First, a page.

- Young Kwak Photo
For the seventh time in about a year, an inmate has died inside the Spokane County Jail, according to a news release from the Spokane County Sheriff's Office.
Around 1:30 am, a male inmate pushed the emergency alarm following a fight with another inmate in a dormitory-style cell that held a total of 10 people. The man who pushed the emergency alert button told corrections officers that he woke up and was having trouble breathing.
The man lost consciousness while jail and medical staff attempted to treat him, the Sheriff's Office release says. He was pronounced dead at 2:13 am.
The man had been held inside the facility for almost two years, according to a separate news release from Spokane County. He was awaiting trial on felony charges. The man's name, age and specific charges have not been released.
Sheriff's detectives are investigating the death. Although they are still early in the process, the sheriff's news release says there was a "physical fight involving the decedent and another inmate a few minutes prior to the [emergency] alarm's activation.
"The fight ended quickly and both inmates involved went back to their assigned beds after they cleaned themselves up, along with some blood on the floor," the news release says.
The name of the second inmate, who was allegedly involved in the altercation, is also not being released. Deputy Mark Gregory could not say whether any of the other eight inmates in the dorm-style cell were also involved.
Since 2000, when the federal government began collecting data on jail deaths, at least 14,786 people have died in jails in the United States, and 1,053 died in 2014, the last year for which federal data is available. The Bureau of Justice Statistics has not published any reports on jail deaths since 2016.
In the past 20 years, 17 inmates have died inside the Spokane County Jail, according to news releases and old news reports. That includes the seven people who have died in the facility since June 2017. At least three of those seven people died by suicide.
Brandon Ryans, 41, Christopher Rogers, 24, and Patrick Flynn, 36, hanged themselves with bed sheets in their cells between June 2017 and May 2018.
David Good, 52, was a transient man with an alcohol addiction, who died in a cell in the jail's booking area this past March. Jail records show that corrections officers were supposed to check on him every 15 minutes, though 32 minutes had elapsed between the last check and when guards noticed he wasn't breathing.
In June, Shane Carson, 31, was found unresponsive in a cell. Sheriff's Office detectives are still investigating Carson's death. Although initial information from the Sheriff's Office suggested the death could be the result of an assault from his cellmate, "preliminary information" suggests he may have experienced a medical emergency, the Spokesman-Review reports.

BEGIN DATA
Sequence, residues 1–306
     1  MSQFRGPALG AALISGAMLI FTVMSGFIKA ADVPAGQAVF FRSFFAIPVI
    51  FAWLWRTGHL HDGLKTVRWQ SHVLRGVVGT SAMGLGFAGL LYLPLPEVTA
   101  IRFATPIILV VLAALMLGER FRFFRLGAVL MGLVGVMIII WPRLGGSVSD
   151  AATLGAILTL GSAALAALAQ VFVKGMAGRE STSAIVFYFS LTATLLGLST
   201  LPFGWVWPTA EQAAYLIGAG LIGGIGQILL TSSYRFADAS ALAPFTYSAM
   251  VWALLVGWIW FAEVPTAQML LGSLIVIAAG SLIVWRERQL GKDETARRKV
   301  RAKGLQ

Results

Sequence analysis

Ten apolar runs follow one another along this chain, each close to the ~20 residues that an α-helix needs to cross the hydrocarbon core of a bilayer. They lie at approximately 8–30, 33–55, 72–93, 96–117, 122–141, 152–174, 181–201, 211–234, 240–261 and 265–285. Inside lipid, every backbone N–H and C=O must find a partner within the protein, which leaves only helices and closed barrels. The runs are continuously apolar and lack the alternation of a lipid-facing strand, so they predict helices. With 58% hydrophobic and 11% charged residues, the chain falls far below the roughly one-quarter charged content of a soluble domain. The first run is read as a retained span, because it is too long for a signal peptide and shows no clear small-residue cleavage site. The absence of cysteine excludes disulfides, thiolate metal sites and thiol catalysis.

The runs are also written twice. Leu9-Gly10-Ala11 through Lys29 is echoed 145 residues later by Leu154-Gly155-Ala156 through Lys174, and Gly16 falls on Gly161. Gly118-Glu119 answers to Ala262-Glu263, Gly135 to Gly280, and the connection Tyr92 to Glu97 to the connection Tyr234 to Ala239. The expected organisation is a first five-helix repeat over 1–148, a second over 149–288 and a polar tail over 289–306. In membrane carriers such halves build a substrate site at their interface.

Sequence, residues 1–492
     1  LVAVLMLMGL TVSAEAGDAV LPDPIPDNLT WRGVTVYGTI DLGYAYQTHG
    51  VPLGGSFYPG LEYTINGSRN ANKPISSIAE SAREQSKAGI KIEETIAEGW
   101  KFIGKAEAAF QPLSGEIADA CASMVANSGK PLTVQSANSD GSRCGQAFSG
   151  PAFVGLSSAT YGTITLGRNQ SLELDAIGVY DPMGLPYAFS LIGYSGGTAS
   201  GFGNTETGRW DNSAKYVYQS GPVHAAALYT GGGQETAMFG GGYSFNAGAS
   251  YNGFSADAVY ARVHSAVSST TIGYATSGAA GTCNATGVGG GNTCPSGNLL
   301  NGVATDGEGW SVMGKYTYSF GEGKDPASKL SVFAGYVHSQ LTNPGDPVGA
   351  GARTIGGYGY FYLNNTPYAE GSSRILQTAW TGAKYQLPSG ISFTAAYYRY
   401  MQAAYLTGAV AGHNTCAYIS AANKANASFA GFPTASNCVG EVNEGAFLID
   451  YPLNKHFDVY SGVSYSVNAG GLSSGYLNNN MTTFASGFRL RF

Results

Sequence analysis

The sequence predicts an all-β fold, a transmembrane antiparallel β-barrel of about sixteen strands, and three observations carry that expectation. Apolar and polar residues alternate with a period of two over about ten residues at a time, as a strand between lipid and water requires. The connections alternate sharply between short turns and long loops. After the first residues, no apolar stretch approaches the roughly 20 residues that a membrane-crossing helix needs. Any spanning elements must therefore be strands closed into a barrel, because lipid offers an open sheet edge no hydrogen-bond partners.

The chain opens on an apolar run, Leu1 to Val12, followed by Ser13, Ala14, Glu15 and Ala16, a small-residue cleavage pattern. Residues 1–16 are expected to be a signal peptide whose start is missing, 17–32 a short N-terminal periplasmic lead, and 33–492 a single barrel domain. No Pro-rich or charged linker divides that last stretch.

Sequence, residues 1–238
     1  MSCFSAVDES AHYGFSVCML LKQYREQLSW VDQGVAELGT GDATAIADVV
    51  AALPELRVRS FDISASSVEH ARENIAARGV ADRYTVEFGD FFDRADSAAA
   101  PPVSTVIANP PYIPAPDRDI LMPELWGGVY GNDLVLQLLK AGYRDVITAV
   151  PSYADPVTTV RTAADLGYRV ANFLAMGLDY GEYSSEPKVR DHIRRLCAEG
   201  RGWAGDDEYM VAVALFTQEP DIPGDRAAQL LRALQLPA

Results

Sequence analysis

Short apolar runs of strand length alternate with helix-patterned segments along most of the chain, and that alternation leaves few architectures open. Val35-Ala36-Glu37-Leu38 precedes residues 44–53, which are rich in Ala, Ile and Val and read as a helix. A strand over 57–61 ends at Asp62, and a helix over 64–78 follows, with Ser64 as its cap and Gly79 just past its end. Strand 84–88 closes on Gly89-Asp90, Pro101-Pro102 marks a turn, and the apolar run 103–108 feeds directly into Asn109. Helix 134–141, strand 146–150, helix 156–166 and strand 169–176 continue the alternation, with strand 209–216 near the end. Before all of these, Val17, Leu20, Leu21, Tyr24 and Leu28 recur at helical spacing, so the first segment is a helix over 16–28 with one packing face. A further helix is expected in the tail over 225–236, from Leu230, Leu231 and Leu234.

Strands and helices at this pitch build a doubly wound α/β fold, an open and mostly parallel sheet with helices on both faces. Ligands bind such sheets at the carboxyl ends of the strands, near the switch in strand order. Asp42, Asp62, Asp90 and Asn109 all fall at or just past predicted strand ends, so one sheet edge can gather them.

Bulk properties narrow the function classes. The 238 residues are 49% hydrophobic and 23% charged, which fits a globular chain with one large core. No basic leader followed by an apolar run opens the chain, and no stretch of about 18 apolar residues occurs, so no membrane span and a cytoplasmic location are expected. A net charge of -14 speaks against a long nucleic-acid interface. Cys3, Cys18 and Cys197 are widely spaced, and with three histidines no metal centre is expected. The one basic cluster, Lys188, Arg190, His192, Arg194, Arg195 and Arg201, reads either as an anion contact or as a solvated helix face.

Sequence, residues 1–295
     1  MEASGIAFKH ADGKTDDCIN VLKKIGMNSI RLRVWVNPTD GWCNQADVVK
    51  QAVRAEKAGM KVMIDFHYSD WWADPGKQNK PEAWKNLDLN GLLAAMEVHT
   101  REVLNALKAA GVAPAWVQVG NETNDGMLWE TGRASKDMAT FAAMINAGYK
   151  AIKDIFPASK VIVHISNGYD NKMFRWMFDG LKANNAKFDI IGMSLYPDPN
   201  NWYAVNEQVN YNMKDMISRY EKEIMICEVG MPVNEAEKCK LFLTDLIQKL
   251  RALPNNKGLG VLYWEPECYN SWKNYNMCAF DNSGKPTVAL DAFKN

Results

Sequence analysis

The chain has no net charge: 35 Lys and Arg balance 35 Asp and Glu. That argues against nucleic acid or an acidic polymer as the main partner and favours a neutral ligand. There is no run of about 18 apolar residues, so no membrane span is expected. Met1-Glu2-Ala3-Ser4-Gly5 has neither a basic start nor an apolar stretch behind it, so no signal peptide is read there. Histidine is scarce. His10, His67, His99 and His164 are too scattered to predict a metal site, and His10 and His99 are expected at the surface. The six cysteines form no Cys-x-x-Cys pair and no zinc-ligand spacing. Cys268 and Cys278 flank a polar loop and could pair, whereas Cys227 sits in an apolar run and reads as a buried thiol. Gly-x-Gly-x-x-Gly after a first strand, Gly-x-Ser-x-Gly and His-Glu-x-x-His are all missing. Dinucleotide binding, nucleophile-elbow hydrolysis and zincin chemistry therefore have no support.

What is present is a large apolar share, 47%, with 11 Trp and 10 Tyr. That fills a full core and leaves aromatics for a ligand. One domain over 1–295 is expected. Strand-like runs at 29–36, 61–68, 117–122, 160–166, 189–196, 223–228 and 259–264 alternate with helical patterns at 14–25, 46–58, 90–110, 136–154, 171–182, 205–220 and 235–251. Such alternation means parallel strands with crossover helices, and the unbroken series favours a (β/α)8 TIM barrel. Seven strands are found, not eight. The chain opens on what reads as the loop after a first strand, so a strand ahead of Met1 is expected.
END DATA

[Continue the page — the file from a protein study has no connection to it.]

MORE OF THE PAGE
Cambrea Bishop, 26, was found unresponsive in her cell less than a month ago. Her death also remains under investigation by the Sheriff's Office. Inmates who spoke with the Inlander recently, including her cellmate, say Bishop was talking just 40 minutes before she was found unresponsive. Those three inmates also say Bishop had been going through withdrawals during her time inside the jail.
In a prepared statement today, John McGrath, director of Detention Services, says "this is a tragedy that Spokane County Detention Services takes very seriously. Any death that occurs while in custody in tragic, and we do everything in our power to prevent inmates from causing harm to themselves or others."
McGrath also points to the reforms and efforts to address these deaths.
After Flynn's death by suicide in May, jail officials announced that they would be removing bed sheets and replacing them with thicker blankets that are harder to rip, as other facilities have done.
Jail officials also hired a nationally recognized consultant on in-custody suicide, Lindsay Hayes, to evaluate its suicide prevention protocols.
Finally, the jail's medical provider will add the drug Buprenorphine to its treatment plan in September, which helps treat opiate withdrawal.
Spokane County Sheriff Ozzie Knezovich says the latest death is another indication of the need for a new jail.
"We've stalled this thing out since 1995," Knezovich says. "We got a grant, but what did we really do with it? It upsets me that we have people dying because of inaction."
Knezovich is referring to the $1.75 million grant from the MacArthur Foundation to reduce Spokane's jail population. So far, a year's worth of reforms have not produced the expected results. Since at least October 2015, the county's jail population has held relatively steady between 900 and 1,000 inmates. That's counting the Spokane County Jail and Geiger Correction Center, which together are outfitted to safely hold less than 900 people.
Knezovich suggests a new jail facility should expand to at least 1,250 to 1,500 beds and must include a "community resource center" to deal with mental health and substance abuse issues in a more therapeutic setting.
"The booking area becomes a triage center," Knezovich says. "Some people need to be sent to a center for drug and alcohol and mental health treatment, rather than the hard walls of a cell."